Why You Need Cover Crops in Your Backyard

I first heard of cover crops from the documentary The Biggest Little Farm (great film, I highly recommend).

My backyard in Ventura, California is mostly clay, so breaking up that hard, dry dirt and turning it into soil will take some work. I’m hoping that cover crops can help ease this process.

So, I did some research and thought I might save you time by sharing what I found with you.

What are cover crops?

my annual ryegrass cover crop in my backyard garden after a few weeks
My annual ryegrass at 4 to 5 weeks

Cover crops are plants that benefit the soil. Unlike other crops, they aren’t harvested. Their purpose is to manage soil quality, hold water, and keep diseases and pests away.

Cover crops types include:

  • Grasses
  • Clovers
  • Legumes (beans)

Some grass cover crops are typically varieties of rye and oats, while some clover and legume crops are crimson clover, beans, and peas.

Do you need cover crops in your backyard?

cracked and dry dirt

The answer is YES! You can definitely benefit from having cover crops in your backyard.

Some of these benefits include:

  • Composting into organic matter for the soil
  • Protecting your soil against rain and wind erosion
  • Providing the soil with a high amount of nitrogen (a primary ingredient for plant life)

Which cover crops to choose

bean sprout growing in dry ground

If you’re wondering which cover crops will work for you and your backyard, you can start by answering these questions:

  • What are the right cover crops for your climate?
  • Is it the right season to plant the variety you have in mind?
  • Will the seeds mature in time for your gardening plans?
  • How aggressive will the cover crops be and will they take over your garden?

Before you plant cover crops, knowing their climate, season, time frame, and persistence can make your work MUCH more effective and easier in the long-run. For example, if you’re planting in winter or colder climates, cover crops like rye or wheat can be best. If you’re planting in summer or warmer climates, crimson clover and oats are popular choices.

How to grow cover crops

a hand planting cover crops in a row

Once you find out what cover crops work best, most varieties can be grown in the same way. Growing these plants in your backyard can seem daunting, but it can be done with minimal work and a little patience (as they often grow quite fast).

Here are some quick steps to start growing cover crops in your backyard:

  1. Clear and rake the soil
  2. Spread the cover crop seeds over the shallow furrows made by the raking
  3. Rake again, but this time make a cross, by going from the other side until 1/8″ to 1/4″ of dirt covers the seeds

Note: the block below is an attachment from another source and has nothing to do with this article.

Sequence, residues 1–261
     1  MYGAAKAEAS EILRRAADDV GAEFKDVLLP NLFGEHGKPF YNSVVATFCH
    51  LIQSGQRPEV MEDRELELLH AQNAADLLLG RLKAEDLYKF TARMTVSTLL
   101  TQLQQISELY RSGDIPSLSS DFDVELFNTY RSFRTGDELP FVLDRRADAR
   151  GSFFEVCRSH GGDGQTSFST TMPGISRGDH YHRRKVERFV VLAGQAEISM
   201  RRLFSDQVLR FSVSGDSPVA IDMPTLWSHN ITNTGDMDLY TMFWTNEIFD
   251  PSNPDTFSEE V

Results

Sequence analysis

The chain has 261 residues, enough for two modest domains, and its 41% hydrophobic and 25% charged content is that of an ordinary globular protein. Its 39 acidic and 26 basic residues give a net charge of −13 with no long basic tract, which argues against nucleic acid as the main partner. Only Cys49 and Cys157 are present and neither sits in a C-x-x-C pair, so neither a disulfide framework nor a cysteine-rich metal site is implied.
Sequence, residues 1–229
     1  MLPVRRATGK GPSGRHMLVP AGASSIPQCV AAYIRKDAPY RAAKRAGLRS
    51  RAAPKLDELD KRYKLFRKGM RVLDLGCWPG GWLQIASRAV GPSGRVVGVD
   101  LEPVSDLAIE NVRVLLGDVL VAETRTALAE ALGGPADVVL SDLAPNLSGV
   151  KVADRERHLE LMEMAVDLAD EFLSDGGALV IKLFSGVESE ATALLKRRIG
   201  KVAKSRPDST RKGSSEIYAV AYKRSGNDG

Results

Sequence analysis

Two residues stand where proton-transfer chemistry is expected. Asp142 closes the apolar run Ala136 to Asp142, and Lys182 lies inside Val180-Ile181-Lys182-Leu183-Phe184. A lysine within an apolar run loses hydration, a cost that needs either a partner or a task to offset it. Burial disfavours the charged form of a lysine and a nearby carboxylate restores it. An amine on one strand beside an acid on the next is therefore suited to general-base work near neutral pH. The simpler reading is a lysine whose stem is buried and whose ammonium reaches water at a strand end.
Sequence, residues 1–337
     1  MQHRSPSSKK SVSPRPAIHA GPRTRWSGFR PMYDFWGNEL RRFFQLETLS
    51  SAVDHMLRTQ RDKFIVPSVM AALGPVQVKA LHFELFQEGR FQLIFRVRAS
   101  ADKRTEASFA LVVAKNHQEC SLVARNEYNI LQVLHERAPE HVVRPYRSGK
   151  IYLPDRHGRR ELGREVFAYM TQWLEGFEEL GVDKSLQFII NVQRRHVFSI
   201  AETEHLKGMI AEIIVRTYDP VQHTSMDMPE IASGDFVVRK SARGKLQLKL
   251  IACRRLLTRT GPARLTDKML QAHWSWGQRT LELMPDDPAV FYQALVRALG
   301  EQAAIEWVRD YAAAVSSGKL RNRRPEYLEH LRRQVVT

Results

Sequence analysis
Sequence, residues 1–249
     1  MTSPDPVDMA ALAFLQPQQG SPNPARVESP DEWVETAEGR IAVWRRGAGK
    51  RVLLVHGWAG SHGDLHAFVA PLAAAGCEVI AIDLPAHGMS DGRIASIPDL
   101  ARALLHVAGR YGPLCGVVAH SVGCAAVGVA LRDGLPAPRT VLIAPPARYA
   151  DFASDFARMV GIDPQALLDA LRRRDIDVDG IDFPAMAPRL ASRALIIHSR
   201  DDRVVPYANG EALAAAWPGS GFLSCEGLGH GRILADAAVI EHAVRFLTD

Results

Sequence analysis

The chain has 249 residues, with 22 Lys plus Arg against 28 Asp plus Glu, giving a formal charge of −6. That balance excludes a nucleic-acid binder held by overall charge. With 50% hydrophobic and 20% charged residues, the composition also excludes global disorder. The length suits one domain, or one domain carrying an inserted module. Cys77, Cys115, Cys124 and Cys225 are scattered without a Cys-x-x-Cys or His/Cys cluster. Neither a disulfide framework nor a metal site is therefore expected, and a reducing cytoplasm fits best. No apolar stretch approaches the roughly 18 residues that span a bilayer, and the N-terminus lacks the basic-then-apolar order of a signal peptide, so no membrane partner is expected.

4. Water as suggested for the type of cover crop

How to cut and use cover crops

a man mowing cover crops in a backyard

Now that you have your cover crops the way you want them, it’s time to process them. There are a few ways to do this, depending on the type of crop you have.

To cut and use your backyard cover crops, you can try:

  • Mowing
  • Chopping
  • Eating
  • Tilling

If you decide to mow or chop, keep in mind that to provide the best nutrients for the soil, the plants should die. Some cover crops can still grow after being mowed and will need to be processed differently to become soil matter.

Eating your cover crops is another way to remove them once they’ve grown, although many would argue that this defeats the purpose. Simply put, their nutrients are usually intended for the soil, and not us.

Whichever option you choose, as long as the crop dies and gets absorbed into the soil, it’s doing it’s job as a cover crop.


Cover crops are a great resource to use for any garden, especially one in your backyard. With its benefits of adding rich nutrients, preventing erosion, and boosting nitrogen, your soil can start to thrive. And if you have high clay content (like me), then this is a welcome gift as it means shaving off lots of time manually amending clay into usable soil. Start by researching which cover crops work best in your climate and for your garden purposes. When they’re grown, tilling them back into the soil can speed up the composting process. Which means you can plant your garden in its place much sooner.

a picture of me pointing to my ryegrass in my backyard garden
They may look like weeds, but they’re my babies

Tyler Ziton

After years of fatigue and declining health, Tyler found that good, fresh food was his answer. He learned more about healthy food by completing a certification in health coaching, and from there decided to grow his own food and become more self-sufficient. Tyler also runs a consulting company to help gardeners and website owners solve problems. Read more.

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